From: Jim Dabell (email@example.com)
Date: Mon Sep 09 2002 - 00:04:43 BST
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On Sunday 08 September 2002 8:18 pm, Ian Hickson wrote:
> On Sun, 8 Sep 2002, Jim Dabell wrote:
> > Okay, well I've got a few proposals for additions and alterations,
> > based on the last version. The big thing is the addition of the
> > generic XML description file already discussed here.
> I am extremely wary of including this in the spec (and even more wary of
> implementing it!), for two reasons: first, it feels overengineered,
The way I see it is that it is as simple as possible (for what it does), but
> second, we have already established that it is possible to write XML-RPC
> proxies for this kind of stuff instead.
It's possible, yes, but I don't like proxies much more than centralised
servers. It adds complexity that can't be simply programmed away. Which
proxy? What if it breaks? What if it silently drops half my
notifications? What if a bug sends me the wrong information? What if you
decide to shut it down? What if... all sorts of things that you don't have
control over because it's not your server and it isn't guaranteed to work
in any particular way (as opposed to servers that have to follow the spec).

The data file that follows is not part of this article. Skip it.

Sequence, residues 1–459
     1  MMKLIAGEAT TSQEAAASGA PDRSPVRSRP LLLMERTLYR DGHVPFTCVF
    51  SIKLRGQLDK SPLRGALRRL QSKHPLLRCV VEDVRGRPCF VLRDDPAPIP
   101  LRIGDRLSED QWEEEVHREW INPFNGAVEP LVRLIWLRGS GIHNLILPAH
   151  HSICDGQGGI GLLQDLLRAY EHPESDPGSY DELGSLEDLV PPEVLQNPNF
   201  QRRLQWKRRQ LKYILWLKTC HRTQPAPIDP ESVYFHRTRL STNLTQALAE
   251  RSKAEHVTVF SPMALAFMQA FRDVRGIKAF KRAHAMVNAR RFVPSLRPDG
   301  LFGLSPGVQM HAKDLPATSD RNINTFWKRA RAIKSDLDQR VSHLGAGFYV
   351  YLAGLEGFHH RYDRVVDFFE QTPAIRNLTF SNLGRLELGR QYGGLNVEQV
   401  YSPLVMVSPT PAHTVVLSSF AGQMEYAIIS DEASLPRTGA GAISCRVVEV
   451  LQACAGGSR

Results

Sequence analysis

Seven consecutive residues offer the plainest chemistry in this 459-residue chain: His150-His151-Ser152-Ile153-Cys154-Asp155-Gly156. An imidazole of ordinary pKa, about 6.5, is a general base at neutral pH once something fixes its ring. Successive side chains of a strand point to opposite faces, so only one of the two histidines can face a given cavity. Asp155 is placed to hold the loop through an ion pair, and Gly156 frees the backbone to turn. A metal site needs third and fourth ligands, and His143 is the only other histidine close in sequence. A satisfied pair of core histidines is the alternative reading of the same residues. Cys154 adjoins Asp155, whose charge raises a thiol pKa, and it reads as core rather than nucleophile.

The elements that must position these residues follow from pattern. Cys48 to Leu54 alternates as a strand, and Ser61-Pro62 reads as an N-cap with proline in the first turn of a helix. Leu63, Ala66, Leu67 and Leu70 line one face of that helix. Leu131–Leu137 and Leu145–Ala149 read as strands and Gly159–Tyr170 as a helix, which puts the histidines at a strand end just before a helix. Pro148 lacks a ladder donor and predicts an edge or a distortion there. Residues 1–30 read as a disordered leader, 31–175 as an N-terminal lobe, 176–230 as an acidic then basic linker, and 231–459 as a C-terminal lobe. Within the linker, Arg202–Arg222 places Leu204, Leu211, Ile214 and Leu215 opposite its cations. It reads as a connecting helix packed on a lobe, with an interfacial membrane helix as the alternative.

I see it as merely shifting the programming work from the blogging tools to
the proxy tools, and incurring the penalty of a third party in the process.
I honestly don't see this spec as being that complex, particularly because
you can implement the bare minimum, and come back to add more methods
Remember, 99% of people won't be programming this stuff, they'll just be
using off-the-shelf blogging tools.
I think that servers automatically talking to each other and establishing
links is an interesting concept, but it breaks when you have to hard code a
third party in to do the talking if you want something slightly different
> > By the way, I was unaware that <link> could also be specified as an
> > HTTP header. Does anybody have a link to more information? Is it
> > really that hard to parse?
> Check the old HTTP specs. It's been removed in more recent releases, due
> to lack of UA support. (Mozilla supports it now.)
Thanks for the pointer.
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